We’ve heard the stories and rumors about parts from crashed UFOs being used by the military, scientists reverse-engineering alien spacecrafts to learn the technology and even aliens training them on their use. Now we finally have proof that the U.S. Air Force used a flying saucer to build one of its newest jets. What’s even more interesting … it was one of ours.
The jet is the F-35, or more specifically, the Lockheed Martin F-35B Lightning II – the short take-off and vertical landing (STOVL) version of the F-35, which was declared ready for deployment on July 31, 2015. During the design phase, the engineers determined that STOVL required a lifting fan. Rather than reinventing the wheel to build it, they decided to reinvent a flying saucer.
The flying saucer was the Avrocar, first developed by Avro Aircraft Canada in the early 1950s, taken over and funded by the U.S. Air Force in 1953 and ultimately cancelled in 1961. Based on secret design ideas from World War II Germany – specifically from Dr. Richard Mehta – the flying saucer was supposed to ascend vertically and fly at 2,300 miles per hour at an altitude of 80,000 feet. As it can be seen in the videos of what was actually built, the flying saucer barely got off the ground physically and never got off the ground as an Air Force war saucer.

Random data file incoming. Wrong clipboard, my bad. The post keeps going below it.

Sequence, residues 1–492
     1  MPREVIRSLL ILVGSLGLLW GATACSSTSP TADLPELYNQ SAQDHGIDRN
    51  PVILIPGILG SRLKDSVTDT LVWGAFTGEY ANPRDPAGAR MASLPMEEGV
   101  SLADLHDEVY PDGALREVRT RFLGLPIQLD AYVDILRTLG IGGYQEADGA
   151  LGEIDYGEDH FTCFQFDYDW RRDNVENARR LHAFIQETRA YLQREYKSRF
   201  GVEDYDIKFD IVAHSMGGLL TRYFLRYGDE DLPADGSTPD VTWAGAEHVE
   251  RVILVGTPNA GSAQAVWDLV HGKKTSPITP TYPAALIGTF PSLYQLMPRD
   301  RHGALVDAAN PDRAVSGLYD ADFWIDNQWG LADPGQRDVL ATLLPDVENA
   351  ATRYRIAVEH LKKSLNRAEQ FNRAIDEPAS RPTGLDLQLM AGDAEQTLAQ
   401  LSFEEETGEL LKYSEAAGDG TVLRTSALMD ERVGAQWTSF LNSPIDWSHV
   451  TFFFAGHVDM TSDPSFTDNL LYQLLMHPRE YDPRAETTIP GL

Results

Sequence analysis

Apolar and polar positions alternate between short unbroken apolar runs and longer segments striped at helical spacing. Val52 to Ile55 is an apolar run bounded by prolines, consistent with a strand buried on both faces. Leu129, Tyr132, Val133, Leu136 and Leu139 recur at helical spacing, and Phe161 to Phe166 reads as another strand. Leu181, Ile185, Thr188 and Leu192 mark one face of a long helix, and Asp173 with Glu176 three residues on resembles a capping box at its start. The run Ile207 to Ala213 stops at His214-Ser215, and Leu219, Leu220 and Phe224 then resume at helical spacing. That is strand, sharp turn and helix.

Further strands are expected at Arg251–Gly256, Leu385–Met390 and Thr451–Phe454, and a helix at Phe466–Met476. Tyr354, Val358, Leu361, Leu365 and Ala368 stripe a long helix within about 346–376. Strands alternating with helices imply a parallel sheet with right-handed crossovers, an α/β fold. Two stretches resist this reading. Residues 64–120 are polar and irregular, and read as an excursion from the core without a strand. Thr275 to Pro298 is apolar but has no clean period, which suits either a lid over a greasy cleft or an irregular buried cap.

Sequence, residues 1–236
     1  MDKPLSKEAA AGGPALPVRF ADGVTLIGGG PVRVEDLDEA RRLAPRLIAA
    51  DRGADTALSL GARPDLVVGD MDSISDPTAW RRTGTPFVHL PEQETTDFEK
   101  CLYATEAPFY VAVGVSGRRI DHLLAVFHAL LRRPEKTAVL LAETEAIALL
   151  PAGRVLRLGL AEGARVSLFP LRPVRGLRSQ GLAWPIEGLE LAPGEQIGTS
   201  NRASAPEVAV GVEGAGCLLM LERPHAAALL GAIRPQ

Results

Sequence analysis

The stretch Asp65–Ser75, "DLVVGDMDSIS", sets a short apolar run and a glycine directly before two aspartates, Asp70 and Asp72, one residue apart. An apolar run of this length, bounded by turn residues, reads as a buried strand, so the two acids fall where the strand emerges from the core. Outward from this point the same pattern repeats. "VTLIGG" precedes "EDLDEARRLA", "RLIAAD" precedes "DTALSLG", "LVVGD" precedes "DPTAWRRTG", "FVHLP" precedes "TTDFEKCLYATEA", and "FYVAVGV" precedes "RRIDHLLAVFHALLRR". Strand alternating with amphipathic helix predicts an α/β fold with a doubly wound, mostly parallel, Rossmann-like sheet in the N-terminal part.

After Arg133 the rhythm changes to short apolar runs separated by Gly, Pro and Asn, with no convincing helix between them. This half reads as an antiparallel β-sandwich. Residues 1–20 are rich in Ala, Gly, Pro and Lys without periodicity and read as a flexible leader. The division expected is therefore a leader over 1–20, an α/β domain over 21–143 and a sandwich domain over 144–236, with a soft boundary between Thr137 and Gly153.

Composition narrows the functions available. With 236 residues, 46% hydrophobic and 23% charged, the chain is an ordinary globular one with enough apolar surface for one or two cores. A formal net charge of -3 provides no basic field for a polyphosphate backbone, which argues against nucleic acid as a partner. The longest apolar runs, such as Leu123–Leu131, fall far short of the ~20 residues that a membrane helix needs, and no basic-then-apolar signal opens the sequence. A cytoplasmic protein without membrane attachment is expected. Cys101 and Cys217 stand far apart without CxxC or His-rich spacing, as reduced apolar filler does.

Project Silverbug, the secret name of the Avrocar project, accomplished one thing – it proved that a central lift fan turbine made vertical take-off and landing doable. That design inspired the General Electric Ryan XV-5 Vertifan jet-powered STOVL experimental aircraft in the 1960s and the lifting fans used in the F-35B today.
While the designs of the turbo lifters are similar, the price tags are not. The Avrocar ended up costing $10 million ($100 million in 2015 dollars) while the F-35B has reached $60 billion and counting.
The story of the Avrocar and its link to the F-35B is told in greater detail in a new report, “Avrocar: A Real Flying Saucer” by Desire Francine G. Fedrigo.